Why I'd rather eat soup than burn Starbucks
I did manage to make it to a May Day lunch held by the Auckland branch of the Tertiary Education Union (that's their logo at the top of the post), where I devoured several types of delicious soup along with copious quantities of bread. I'm not actually a member of TEU, but I justified my scrounging by pointing out that I'd helped Skyler, who is a delegate, prepare some of the soup. (I'm the only one who cuts onions in our household; Skyler often tries the feat but, being a vegetarian, invariably finds herself feeling compassion for the vegetable and weeping uncontrollably).
The TEU was formed at the end of the last year by the fusion of the Association of University Staff and the Association of Staff in Tertiary Education. The union represents a wide range of occupations on campuses, and while I downed bowl after bowl of soup I overheard security guards and senior lecturers engaged in animated discussions about strategies for forthcoming negotiations with university bosses.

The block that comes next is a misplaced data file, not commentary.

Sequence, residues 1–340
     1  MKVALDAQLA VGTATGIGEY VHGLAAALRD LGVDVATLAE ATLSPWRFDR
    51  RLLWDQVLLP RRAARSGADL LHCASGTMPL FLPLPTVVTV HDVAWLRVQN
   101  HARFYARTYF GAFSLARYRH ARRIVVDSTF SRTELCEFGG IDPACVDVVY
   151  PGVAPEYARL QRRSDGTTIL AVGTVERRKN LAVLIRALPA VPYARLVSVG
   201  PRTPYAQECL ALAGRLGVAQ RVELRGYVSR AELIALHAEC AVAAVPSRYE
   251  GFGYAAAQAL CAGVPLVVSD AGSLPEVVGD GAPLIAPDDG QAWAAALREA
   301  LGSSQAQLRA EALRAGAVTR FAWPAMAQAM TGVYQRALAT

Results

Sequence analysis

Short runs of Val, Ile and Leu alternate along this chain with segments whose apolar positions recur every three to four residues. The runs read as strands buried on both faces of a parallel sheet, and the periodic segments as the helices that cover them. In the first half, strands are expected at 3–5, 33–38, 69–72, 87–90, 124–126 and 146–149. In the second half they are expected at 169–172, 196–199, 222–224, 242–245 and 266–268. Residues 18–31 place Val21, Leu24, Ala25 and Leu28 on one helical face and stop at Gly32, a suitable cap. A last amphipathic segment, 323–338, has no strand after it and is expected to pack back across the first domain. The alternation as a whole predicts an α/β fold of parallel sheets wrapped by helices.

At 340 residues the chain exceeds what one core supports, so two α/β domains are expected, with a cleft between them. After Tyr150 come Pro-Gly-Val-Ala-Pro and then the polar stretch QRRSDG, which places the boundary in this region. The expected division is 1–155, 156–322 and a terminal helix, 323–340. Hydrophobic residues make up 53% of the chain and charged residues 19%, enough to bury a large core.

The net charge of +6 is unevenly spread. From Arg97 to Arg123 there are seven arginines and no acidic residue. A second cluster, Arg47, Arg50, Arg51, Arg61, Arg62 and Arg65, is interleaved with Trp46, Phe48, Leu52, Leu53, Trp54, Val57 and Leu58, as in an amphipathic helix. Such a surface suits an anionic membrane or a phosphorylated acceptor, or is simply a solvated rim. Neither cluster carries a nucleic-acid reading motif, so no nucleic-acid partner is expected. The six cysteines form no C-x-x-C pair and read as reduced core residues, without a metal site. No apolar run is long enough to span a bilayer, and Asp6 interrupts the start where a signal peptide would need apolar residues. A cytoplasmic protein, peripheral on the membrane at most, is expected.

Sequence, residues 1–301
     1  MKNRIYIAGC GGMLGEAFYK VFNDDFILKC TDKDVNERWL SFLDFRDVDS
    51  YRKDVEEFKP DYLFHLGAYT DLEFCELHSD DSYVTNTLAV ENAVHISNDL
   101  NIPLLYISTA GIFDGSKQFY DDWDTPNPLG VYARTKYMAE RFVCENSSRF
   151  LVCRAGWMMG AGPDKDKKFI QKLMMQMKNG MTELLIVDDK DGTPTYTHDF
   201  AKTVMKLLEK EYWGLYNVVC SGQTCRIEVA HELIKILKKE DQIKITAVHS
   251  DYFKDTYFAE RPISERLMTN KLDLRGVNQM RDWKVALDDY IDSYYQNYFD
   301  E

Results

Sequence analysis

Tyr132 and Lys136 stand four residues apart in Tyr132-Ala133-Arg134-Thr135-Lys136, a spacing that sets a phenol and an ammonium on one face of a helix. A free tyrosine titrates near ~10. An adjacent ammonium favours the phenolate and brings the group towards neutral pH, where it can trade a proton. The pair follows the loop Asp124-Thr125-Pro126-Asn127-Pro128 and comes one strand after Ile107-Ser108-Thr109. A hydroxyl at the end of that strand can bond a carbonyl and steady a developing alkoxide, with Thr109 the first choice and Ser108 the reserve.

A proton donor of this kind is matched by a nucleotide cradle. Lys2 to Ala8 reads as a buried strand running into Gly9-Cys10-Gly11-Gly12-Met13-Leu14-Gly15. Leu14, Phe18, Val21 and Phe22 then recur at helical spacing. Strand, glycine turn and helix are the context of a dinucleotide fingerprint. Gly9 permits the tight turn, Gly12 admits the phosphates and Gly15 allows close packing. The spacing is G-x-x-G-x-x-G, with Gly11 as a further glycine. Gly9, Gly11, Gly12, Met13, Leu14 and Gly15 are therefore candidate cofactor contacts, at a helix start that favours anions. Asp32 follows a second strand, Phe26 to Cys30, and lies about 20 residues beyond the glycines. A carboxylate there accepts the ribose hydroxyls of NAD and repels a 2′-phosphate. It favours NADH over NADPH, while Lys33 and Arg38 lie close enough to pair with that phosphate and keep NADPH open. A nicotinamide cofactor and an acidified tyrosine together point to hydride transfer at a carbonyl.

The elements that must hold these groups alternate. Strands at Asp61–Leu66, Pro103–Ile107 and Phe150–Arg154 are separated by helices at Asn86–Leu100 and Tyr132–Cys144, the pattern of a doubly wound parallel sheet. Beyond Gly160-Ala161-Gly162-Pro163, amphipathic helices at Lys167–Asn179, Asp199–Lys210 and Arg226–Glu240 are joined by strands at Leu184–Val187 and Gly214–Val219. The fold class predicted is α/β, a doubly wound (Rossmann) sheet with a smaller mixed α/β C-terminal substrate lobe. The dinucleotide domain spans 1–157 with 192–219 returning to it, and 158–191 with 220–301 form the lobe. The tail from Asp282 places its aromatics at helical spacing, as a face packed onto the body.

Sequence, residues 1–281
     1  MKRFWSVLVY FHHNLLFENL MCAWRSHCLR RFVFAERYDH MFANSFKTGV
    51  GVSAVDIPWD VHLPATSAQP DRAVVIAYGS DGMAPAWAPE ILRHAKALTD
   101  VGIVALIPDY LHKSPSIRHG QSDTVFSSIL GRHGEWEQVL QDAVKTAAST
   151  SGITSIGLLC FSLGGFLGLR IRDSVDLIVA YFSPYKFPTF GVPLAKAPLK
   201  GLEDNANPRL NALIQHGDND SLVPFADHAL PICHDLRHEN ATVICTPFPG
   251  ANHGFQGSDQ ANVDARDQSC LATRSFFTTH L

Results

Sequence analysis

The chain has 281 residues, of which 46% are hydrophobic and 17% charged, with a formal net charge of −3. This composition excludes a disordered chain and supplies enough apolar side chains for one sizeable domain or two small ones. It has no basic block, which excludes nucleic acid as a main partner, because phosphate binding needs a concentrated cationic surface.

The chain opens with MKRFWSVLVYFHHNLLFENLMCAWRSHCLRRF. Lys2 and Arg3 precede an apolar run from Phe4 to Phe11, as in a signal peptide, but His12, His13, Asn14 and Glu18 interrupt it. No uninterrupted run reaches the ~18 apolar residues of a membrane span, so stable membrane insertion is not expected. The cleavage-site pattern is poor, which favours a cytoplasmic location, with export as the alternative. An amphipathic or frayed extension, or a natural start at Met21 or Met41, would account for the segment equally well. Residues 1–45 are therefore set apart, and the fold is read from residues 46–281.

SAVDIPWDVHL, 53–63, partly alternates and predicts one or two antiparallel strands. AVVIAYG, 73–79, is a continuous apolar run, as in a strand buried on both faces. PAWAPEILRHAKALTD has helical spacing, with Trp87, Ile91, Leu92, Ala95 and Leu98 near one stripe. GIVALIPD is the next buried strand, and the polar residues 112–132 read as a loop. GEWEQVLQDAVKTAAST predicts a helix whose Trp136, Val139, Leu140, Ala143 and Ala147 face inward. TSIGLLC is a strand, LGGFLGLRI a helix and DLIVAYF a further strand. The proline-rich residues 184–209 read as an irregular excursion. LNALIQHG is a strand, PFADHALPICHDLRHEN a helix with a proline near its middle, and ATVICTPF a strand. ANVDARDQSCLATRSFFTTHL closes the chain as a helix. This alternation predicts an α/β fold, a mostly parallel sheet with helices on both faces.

I know that the TEU wouldn't be sufficiently revolutionary for heroic insurrectionists like 'bro' or Jared Davidson, the anti-art activist who condemned universities as cesspits of bourgeois decadence in one of his recent raids on this blog, but I think that everyday, undramatic activities like making soup for your fellow union members and engaging in long-winded but democratic discussions are more in the spirit of May Day than the antics of hyperactivists like 'bro'.
It's the mundane work of building and strengthening unions that prepares the way for genuinely radical actions, like the recent spate of factory occupations by European workers fighting to hold on to their jobs in the face of global recession. Over at his blog Sit Down Man, You're a Bloody Tragedy, the brilliant Owen Hatherly has been celebrating the news that the workers at a string of plants owned by the auto parts company Visteon have won their demands for a vastly improved redundancy package after a series of protests that included occupations.
In France, which has a far stronger labour movement than Britain, workers have taken to detaining bosses who threaten them with reduandancy. The tactic has become so widespread that a consultancy form is now offering courses for executives on how to avoid being 'bossnapped'. Factory occupations and other militant forms of industrial action cannot be created by anonymous postings to indymedia by activists who like to wear masks; they have to be based in the solidarity of large groups of workers. May Day should be a time to salute all the delegates and grassroots union members who are doing the unspectacular but vital work of building that sort of solidarity.